DeLIVER Hypotheses and Goals
a) HCC is primarily driven by liver microenvironmental (immune, metabolic, stromal) processes, with inflammatory signals establishing epigenetic programmes that contribute to malignant transformation. Understanding the pathway to malignant transformation will drive new HCC-EDx (and therapeutic) strategies.
b) Combination state-of-the-art molecular and imaging strategies can be used for HCC-EDx in at-risk patient populations, increasing the opportunity to deliver curative therapies.
These hypotheses provide the rationale for the methodology and selection of technologies in the proposed integrated HCC-EDx research programme DeLIVER.
a) Define the pre-cancerous microenvironmental liver landscape that drives malignant transformation through deep-phenotyping of the pre-cancerous liver.
b) Assess technologies that may “sample” the pre-cancerous liver environment non-invasively, including the simultaneous detection of epigenetic/genetic information in blood (TAPS)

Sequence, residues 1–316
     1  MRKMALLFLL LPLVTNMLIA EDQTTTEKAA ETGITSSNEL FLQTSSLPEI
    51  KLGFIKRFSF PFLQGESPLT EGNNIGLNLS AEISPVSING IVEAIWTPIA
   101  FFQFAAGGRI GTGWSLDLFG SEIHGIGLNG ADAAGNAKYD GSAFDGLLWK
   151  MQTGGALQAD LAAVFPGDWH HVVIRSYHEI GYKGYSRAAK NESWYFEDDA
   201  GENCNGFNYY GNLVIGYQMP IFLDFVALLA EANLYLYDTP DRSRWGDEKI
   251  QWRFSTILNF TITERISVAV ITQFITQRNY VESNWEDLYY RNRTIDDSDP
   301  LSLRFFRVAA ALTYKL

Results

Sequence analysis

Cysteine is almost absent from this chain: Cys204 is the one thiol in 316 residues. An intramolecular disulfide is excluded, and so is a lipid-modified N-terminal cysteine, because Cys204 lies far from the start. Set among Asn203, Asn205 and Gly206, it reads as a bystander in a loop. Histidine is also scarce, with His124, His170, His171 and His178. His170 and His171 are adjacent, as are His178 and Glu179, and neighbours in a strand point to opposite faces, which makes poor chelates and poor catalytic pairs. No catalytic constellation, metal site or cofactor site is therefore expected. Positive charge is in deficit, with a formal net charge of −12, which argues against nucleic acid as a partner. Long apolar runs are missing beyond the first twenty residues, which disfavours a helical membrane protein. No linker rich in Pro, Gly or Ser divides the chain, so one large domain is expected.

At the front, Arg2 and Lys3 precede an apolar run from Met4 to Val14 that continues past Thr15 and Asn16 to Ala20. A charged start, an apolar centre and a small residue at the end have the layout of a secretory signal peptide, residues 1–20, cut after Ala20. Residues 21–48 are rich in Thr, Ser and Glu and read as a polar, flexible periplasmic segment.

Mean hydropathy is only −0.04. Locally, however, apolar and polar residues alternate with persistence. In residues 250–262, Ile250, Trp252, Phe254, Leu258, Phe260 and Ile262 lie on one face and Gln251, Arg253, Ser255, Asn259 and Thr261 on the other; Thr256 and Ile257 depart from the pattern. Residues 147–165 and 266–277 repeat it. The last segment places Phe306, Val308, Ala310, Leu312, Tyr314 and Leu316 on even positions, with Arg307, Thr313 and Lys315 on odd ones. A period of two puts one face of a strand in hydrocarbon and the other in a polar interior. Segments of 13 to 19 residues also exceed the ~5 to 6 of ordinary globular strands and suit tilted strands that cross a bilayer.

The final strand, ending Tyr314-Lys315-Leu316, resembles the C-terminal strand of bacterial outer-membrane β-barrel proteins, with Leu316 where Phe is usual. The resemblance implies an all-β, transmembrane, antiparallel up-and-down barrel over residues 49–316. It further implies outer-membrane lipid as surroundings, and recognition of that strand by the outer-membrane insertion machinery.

c) Perform an integrative analysis of multi-parametric datasets (including quantitative mpMRI, TAPS, metabolomic and protein(omic) biomarkers) since it is unlikely that a single parameter will accurately predict/detect early HCC.
d) Develop HCC-EDx cohorts by leveraging a unique, genetically characterised cohort of HCV-infected patients with cirrhosis to include additional disease aetiologies and establishing a cohort of patients with small HCC so that EDx technologies can be rapidly evaluated before testing prospectively.
e) Exploit our internationally recognised expertise integrating germline host and viral genomic polymorphisms that may predispose to malignant transformation.
The research questions will be addressed through six work packages within the DeLIVER programme.